Hotel rules follow Islamic laws

Copthorne Hotel, a Sharia compliant hotel in Dubai.


KAI RYSSDAL: We're live from Dubai this week, in the United Arab Emirates. A guy I was out to dinner with the other night ordered a beer when we sat down. Didn't work out. I think he wound up with sparkling water. Sharia, or Islamic law, shows up in a lot of different businesses in this region, including hospitality. The Al Mulla Group, based in Dubai, announced a Sharia-compliant hotel portfolio not too long ago. Alcohol-free. The food will be "halal," prepared in accordance with Islamic laws, and they'll have different wait-staffs for men and women. Somewhat less strict, but still Islamic-friendly hotels are popping up all over the Middle East, including here in somewhat-less-strict Dubai.

We sent Marketplace's Sean Cole to check them out.

SEAN COLE: I went to the new Copthorne the day it opened. It's a four-star hotel not far from the airport. Manish Singh, the Assistant Sales and Marketing Director, showed me around.

MANISH SINGH: King-size bed, overlooks to the creek, with a little balcony.

One hundred sixty-three rooms and suites running anywhere from $400 to $1,000 a night, including taxes. No min-bar. This Copthorne is owned by the Abu Dhabi Islamic Bank, so it's a dry hotel. Also, there are different swimming times for men and women.

SINGH: From seven until two is for ladies and from two to seven in the evening is for the men.

But apart from that, you wouldn't know it's Sharia-compliant. In fact, Singh didn't want to talk about it being Sharia compliant -- at all.

SINGH: We just want to show everybody we are a hotel. We don't want them to buy us because we are Sharia, and not to buy us because we are Sharia.

Would it not though be a great selling point?

SINGH: We don't want to be stereotyped. We want to be open for all.

The thing is that Dubai has really tailored itself for all-comers. It's a place you can let your hair down, so a Sharia-compliant hotel here is news, but a lot of them are in the works, including a whole Islamic-friendly brand called Tamani. The first one just opened in Dubai Marina. Five others are planned for Dubai alone. Twenty-two hundred rooms in a hospitality market that's famished for them, and lucky for me Tamani didn't mind talking about Sharia one bit.

ALAIN GUERNIER: There is absolutely no reason for us to hide our visions, our concept and our values.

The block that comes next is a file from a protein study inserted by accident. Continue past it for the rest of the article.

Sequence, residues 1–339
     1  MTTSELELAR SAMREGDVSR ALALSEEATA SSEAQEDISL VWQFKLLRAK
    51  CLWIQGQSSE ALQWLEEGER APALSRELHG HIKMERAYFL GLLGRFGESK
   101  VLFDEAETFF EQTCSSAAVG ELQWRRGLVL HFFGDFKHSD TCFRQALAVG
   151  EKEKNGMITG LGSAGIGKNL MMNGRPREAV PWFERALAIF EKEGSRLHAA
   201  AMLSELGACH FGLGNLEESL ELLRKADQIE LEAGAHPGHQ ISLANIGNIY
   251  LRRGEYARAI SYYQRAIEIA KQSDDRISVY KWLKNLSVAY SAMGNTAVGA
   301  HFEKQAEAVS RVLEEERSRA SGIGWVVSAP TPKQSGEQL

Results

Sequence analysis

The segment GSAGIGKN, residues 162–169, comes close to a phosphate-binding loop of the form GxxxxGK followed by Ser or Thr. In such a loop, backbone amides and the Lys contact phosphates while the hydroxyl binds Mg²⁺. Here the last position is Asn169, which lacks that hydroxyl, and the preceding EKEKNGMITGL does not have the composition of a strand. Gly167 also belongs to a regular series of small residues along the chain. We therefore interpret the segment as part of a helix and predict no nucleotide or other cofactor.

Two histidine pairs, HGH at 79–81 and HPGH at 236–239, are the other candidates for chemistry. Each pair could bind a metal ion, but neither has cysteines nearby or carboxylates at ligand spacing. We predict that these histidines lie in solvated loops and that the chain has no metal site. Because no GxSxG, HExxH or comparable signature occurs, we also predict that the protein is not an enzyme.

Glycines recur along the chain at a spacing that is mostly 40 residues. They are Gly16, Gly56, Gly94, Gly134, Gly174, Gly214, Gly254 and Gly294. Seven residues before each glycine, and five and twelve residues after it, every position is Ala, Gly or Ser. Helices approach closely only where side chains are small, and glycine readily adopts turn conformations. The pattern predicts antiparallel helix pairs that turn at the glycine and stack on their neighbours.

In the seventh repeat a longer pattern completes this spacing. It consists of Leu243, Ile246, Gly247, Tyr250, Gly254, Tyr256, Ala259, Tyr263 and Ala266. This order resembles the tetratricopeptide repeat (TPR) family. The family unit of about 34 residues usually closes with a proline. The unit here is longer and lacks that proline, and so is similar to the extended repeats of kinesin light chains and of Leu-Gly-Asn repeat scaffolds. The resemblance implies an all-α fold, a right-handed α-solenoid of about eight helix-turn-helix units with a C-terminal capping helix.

Alain Guernier is French, if you haven't figured that out. He's also the CEO of Tamani Hotels and Resorts.

GUERNIER: We are also holder of a very large Islamic fund. Therefore, if we raise money within the Islamic community we cannot start opening nightclubs and discos and everything else. The two are not necessarily compatibles.

But having said that . . .

GUERNIER: I think people are making far too much out of that alcohol things.

For one thing, Guernier says you can buy booze at a duty-free and drink in your room, and that's true at all these places. For another, he says people should focus on what a hotel does provide. He gave the example of the Taj Palace Hotel, which has been around for seven years.

GUERNIER: It's a Sharia hotel. It's an excellent, I've stayed there 25 times. Excellent hotels, no bar, so? You go to the lobby. You look. Do you think they are all Arabic? They are not.

But a lot of them were the day I went, or at least there were a lot of women draped in black abayas covering everything, including their faces in some cases, and one of the guests made a point of this in explaining why he liked it there. His name's Shams Kanani. A self-described international businessman originally from Kenya.

SHAMS KANANI: Dubai has now unfortunately become a center for illicit business, but when you come here you will see that you will not find any of those type of women around, and we feel at home, that it is like a family hotel.

Kanani was actually the first ever guest of the Taj Palace Hotel in Dubai. He came running when he heard it was going to be Sharia-compliant. He also says that his company is involved with hotel management and that he sees a lot of opportunity in the West for hotels that make Muslims feel at home.

In Dubai, I'm Sean Cole for Marketplace.


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